Andrea, I do like having two gardens, although I will reduce that to one next year when I retire from teaching and give up my Gettysburg townhouse. Our Maine climate is so very different from yours. Most perennial plants go dormant here when the frosts comes and the ground freezes — which can be anywhere between late August and mid-October; their roots stay alive underground through the winter, and they don’t send up new growth until April. It is exciting to see old friends reappear each spring and to watch the changing scene as different plants flower in succession.

  14. June 7, 2013 9:37 pm

    Hi Jean – Sometimes at this time of year, I feel like the name a friend calls me: “perpetual motion” and I think you also can have that name – and the results are beautiful! Gloria

    • June 8, 2013 9:30 pm

      Gloria, The rush of early season chores is made more frenetic by the fact that I don’t arrive home until late May. I am looking forward to being able to do these chores in a more leisurely way throughout the month of May after I’m retired and living here full time.

  15. June 8, 2013 5:59 pm

    Jean, I’m glad to learn you are back in Maine. I love seeing your garden photos from there. It allows me to relive spring again through your camera lens. Hope you get the better of your nemesis this growing season.

    • June 8, 2013 9:33 pm

      Joene, I was just down at my sister’s house in Massachusetts today, and I was amazed at how much further ahead their garden was. The Siberian irises that I planted there when it was my mother’s home (divisions from my own garden) have already finished blooming, while mine have just begun. My sister also has peonies in bloom while mine (divisions of the same plants) are still tight buds. I imagine that your blooms are even further along in Connecticut.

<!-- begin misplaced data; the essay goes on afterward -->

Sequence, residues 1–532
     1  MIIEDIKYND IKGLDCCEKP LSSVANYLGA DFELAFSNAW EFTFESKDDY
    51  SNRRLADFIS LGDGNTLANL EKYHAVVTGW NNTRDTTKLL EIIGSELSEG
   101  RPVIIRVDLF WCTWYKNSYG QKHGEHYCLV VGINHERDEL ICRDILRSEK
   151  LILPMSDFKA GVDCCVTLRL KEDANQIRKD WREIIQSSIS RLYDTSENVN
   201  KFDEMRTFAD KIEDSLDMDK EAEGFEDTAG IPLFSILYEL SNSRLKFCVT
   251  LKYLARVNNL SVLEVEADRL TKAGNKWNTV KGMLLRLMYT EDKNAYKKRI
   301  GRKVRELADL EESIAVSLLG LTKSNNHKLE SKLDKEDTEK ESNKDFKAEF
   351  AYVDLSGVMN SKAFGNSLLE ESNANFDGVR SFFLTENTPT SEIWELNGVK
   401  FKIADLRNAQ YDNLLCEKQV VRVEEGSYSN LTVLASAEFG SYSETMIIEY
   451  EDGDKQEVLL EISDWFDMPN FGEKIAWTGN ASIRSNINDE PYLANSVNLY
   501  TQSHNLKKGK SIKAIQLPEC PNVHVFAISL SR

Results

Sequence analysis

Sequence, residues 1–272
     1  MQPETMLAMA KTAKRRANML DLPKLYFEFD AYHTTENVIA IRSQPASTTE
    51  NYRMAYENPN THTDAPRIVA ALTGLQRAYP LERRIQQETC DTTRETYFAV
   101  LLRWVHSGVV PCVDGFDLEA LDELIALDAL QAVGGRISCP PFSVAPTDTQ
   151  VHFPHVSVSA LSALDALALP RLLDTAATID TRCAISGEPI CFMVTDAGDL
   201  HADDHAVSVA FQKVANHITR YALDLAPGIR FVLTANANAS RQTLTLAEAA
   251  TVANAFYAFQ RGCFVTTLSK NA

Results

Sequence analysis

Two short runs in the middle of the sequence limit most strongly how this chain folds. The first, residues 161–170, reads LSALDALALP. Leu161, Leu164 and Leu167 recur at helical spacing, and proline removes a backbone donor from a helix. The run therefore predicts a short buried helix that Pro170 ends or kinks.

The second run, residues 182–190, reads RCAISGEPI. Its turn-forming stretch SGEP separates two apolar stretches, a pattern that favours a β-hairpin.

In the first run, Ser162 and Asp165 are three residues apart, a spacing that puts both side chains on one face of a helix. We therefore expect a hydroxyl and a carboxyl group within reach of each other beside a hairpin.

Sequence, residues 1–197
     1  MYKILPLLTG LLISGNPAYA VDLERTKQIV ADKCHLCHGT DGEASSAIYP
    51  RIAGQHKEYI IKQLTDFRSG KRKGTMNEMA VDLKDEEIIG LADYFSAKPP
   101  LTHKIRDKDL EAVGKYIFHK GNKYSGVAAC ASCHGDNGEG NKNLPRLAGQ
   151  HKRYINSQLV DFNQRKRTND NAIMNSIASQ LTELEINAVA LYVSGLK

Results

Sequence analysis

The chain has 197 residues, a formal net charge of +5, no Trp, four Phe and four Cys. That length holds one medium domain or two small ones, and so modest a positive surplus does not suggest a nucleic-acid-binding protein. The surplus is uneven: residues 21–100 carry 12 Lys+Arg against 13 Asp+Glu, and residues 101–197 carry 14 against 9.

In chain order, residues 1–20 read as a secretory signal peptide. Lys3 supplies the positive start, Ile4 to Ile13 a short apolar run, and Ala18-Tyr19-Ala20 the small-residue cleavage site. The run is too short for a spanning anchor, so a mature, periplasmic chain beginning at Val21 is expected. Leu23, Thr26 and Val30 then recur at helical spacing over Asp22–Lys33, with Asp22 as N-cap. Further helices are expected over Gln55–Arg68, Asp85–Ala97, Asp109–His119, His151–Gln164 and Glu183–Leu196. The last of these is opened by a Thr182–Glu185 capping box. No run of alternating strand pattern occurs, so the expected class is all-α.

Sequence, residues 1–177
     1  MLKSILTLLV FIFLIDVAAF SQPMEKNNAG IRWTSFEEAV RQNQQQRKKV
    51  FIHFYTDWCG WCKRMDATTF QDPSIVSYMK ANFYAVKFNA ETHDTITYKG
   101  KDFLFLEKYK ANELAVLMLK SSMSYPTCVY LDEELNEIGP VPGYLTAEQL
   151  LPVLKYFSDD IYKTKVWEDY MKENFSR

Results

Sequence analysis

16. June 8, 2013 9:24 pm

    You must be very happy to be back in Maine 🙂 Seems we are a little behind you here as the buds on my catawbiense rhodo are still holding tight. You know I’ve never seen a woodchuck before but after reading about yours I’m rather glad. Had no idea they munched plants like that.

    • June 8, 2013 9:41 pm

      Marguerite, I am very happy to be back in Maine. I was particularly happy to escape from Gettysburg this year. It was the site of one of the most decisive battles of the American civil war in 1863, and the town is going to be overrun with millions of tourists this summer for the 150th anniversary of the battle.

      My Rhododendron catawbiense had only tight buds two weeks ago, but now all the blossoms are opening or in full bloom.

      The one good thing about woodchucks is that they tend to get fixated on one plant and eat it down to the ground over and over again (while leaving other plants alone). One year, we had one that moved from garden to garden in my neighborhood and ate all the echinacea. For a couple years, I had one that was nuts for nasturtium. And then there was the woodchuck that had a thing for peas and used to stand on its hind legs in the middle of the day, reaching for branches of Baptisia australis and stripping off their new seed pods. I’ve had the phlox-eating woodchuck living under my deck for three years now; their life span is only about six years, so I’m hoping this one will depart soon and give my poor phlox a chance to recover!

  17. June 9, 2013 5:32 pm

    Hi Jean, the first picture of the Rhododendron is amazing. I wish we could grow them here, but the soil is alkaline and they don’t thrive. Your battle with the tatarian honeysuckle reminds me of the annual battle I’m going to have with brambles and convolvulous (bindweed) that has already reached the lower branches of the flowering cherry.